Portland State University. School of Community Health
Date of Publication
Master of Science (M.S.) in Health Studies
Plethysmography, Physical fitness -- Testing
1 online resource, ( 89p.)
Plethysmography is a technique used for measuring alterations in the volume of organs or limbs. Japanese researchers have developed a relatively new application of plethysmography (accelerated plethysmography) that uses information from the pulse wave measured at the fingertip to make inferences about health and fitness status. The instrument used to collect data -- the Precaregraph (accelerated plethysmograph) -- provides an accelerated pulse waveform and and APG index, a mathematical representation of the waveform. It was the purpose of this study to evaluate the validity of the Precaregraph by examining the relationship between the APG index and previously validated measures of health and fitness status.
Forty-three individuals volunteered for participation. Blood pressure, resting heart rate, weekly physical activity level, estimated V̇02max, cardiovascular disease risk, body composition and APG index were measured.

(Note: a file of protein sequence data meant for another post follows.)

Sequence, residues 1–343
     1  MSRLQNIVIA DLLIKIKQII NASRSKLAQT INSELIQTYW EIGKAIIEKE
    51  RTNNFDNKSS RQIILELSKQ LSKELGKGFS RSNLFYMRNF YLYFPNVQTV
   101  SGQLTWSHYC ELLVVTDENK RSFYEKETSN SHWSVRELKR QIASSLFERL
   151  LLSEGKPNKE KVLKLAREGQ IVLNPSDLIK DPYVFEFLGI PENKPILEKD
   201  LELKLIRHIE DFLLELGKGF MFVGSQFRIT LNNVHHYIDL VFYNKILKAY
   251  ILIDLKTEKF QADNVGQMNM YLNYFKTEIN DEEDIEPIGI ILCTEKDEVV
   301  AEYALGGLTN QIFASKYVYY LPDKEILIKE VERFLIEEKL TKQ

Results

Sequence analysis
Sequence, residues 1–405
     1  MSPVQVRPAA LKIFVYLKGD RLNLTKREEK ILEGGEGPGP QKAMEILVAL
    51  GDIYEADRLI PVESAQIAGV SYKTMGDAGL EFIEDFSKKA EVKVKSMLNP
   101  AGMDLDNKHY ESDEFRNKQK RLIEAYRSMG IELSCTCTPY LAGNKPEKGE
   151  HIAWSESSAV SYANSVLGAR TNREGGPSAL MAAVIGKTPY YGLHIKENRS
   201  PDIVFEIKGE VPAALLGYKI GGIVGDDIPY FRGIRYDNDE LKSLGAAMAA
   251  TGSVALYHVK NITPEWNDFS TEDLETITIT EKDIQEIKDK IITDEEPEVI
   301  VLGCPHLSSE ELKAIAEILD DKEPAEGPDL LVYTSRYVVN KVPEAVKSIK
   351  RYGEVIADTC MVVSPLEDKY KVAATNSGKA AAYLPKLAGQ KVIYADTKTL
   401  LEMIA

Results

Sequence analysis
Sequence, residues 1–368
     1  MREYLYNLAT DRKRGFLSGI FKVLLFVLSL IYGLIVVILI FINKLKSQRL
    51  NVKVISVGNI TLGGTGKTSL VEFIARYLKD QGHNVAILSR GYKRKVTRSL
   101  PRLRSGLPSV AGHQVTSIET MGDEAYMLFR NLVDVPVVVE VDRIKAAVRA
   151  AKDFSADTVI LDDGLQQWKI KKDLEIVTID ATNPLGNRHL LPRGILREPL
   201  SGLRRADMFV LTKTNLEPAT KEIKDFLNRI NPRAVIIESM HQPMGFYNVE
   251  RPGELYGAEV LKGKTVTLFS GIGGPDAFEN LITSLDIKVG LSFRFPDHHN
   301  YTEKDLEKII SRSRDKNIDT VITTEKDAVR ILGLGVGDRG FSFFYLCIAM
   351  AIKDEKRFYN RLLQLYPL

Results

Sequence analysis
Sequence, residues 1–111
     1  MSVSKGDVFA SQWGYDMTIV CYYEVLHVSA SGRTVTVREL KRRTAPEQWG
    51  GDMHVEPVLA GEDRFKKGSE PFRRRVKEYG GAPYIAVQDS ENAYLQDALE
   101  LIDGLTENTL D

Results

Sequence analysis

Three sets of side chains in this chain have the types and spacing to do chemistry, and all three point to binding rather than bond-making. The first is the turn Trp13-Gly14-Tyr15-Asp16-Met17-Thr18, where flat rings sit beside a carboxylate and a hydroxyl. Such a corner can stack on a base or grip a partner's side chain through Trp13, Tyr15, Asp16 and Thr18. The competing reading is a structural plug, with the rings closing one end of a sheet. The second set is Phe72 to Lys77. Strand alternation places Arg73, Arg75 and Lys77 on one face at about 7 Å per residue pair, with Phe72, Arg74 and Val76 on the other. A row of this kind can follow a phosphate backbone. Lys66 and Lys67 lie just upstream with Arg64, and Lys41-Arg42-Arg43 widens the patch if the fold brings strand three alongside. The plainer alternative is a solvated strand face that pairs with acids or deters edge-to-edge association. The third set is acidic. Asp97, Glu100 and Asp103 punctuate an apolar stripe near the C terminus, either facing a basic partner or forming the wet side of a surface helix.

The APG index demonstrated acceptable reliability in the pilot study (R=.999). In the principal investigation, the only measures related to the APG index were age (r=-.780), V̇02max (r=.709), and weekly physical activity level (r=.328). No significant correlations were found between any other variables. Correlations with the same independent variables were found when subjects were dichotomized into older and younger groups and high-fit and low-fit groups.
It was concluded that the Precaregraph may be a useful instrument for evaluating fitness status, but its efficacy for evaluating health or disease remains to be determined. Further studies are needed to gather additional data to confirm these results.
Humble, Angela Marie, "Evaluation of Accelerated Plethysmography as a Measure of Health and Fitness" (1997). Dissertations and Theses. Paper 5375.